Target anticipation and impairment of smooth pursuit eye movements in schizophrenia

P. Trillenberg, W. Heide*, K. Junghanns, M. Blankenburg, V. Arolt, D. Kömpf

*Corresponding author for this work
20 Citations (Scopus)


A reduced gain of smooth pursuit eye velocity has frequently been reported in schizophrenic patients. With respect to predictable stimuli, this could be due to a deficit in predicting the target path. To determine this contribution to smooth pursuit eye movement performance, we analyzed the ocular smooth pursuit response to a sinusoidally moving target that was suddenly stopped after some cycles of regular movement. Horizontal eye movements were recorded with infrared reflection oculography in a group of 17 schizophrenic in-patients and 16 age-matched healthy subjects for controls. The patients exhibited a reduced gain of smooth pursuit velocity, but phase lag was not different from the control group. After the unpredictable stop of target movement, predictive sinusoidal smooth pursuit was maintained for 150 to 200 ms in both groups. The resulting maximal position and velocity error was larger in the patient group. In conclusion, schizophrenic patients were able to generate a normal anticipatory component of smooth pursuit and to switch it off in response to external demands. They showed, however, an increased velocity of anticipatory pursuit, which might be used to compensate for the primary deficit of smooth pursuit velocity frequently found in schizophrenics.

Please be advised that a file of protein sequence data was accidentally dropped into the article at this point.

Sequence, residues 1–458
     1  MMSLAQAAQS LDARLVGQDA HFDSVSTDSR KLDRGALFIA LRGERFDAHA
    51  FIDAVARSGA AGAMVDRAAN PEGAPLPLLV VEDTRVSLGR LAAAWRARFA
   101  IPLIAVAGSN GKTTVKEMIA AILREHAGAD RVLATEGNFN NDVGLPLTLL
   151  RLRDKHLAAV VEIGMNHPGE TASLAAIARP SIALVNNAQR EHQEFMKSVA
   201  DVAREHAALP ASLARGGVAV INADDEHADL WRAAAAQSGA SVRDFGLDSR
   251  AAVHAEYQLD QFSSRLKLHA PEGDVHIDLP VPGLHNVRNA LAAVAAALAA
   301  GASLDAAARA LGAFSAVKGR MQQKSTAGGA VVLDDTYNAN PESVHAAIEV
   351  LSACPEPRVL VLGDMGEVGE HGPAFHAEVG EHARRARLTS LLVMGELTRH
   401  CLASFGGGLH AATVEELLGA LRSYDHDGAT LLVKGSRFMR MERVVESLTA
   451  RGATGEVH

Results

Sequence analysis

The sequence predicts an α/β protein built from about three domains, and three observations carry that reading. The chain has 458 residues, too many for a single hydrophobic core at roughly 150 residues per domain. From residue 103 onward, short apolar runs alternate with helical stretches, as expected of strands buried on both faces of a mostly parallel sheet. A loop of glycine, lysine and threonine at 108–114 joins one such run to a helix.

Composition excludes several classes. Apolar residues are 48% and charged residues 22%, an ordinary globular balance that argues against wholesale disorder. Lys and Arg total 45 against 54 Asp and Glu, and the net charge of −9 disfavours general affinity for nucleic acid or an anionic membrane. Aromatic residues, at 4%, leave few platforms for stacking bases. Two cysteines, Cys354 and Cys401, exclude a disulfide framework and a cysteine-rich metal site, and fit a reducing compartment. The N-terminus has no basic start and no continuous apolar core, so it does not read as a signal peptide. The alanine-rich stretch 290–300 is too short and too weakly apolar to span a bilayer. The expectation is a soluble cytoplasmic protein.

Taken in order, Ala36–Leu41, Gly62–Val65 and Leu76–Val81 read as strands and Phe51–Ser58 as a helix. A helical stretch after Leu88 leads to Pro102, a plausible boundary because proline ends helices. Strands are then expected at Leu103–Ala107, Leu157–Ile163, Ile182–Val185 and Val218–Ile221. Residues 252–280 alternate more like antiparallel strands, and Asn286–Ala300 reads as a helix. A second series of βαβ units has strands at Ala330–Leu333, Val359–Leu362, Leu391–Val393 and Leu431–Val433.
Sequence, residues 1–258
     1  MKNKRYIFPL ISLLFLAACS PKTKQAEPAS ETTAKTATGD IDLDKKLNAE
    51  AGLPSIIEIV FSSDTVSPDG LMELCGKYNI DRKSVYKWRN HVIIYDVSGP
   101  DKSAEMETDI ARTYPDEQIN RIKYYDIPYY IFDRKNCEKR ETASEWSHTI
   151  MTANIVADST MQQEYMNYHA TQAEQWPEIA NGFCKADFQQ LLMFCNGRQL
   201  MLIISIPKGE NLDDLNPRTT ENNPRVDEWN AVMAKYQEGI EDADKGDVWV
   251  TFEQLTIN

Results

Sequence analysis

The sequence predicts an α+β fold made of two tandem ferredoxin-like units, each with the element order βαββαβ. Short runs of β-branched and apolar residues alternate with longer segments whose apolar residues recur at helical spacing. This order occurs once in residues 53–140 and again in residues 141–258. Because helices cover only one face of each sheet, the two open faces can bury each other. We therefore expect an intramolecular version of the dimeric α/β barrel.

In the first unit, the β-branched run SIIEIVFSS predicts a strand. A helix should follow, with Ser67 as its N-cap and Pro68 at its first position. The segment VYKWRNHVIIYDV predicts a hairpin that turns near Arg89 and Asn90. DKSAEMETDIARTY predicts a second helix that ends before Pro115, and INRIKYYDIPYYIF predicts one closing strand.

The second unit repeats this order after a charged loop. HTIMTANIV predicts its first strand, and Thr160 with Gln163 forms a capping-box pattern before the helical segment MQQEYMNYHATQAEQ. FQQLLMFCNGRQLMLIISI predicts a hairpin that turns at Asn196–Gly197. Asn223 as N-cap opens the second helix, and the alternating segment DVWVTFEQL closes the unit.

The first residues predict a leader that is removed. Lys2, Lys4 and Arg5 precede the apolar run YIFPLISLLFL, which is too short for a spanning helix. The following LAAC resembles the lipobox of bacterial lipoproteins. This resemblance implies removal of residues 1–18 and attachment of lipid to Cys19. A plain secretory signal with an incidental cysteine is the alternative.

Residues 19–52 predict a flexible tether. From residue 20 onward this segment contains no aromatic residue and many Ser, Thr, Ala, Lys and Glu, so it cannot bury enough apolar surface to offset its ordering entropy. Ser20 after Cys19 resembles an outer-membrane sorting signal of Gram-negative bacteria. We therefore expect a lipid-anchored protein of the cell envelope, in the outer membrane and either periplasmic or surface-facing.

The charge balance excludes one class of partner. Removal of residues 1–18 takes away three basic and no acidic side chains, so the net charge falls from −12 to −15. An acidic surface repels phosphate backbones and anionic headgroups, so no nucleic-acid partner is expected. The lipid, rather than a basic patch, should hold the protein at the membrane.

Original languageEnglish
JournalExperimental Brain Research
Issue number3
Pages (from-to)316-324
Number of pages9
Publication statusPublished - 26.05.1998

Research Areas and Centers

  • Academic Focus: Center for Brain, Behavior and Metabolism (CBBM)


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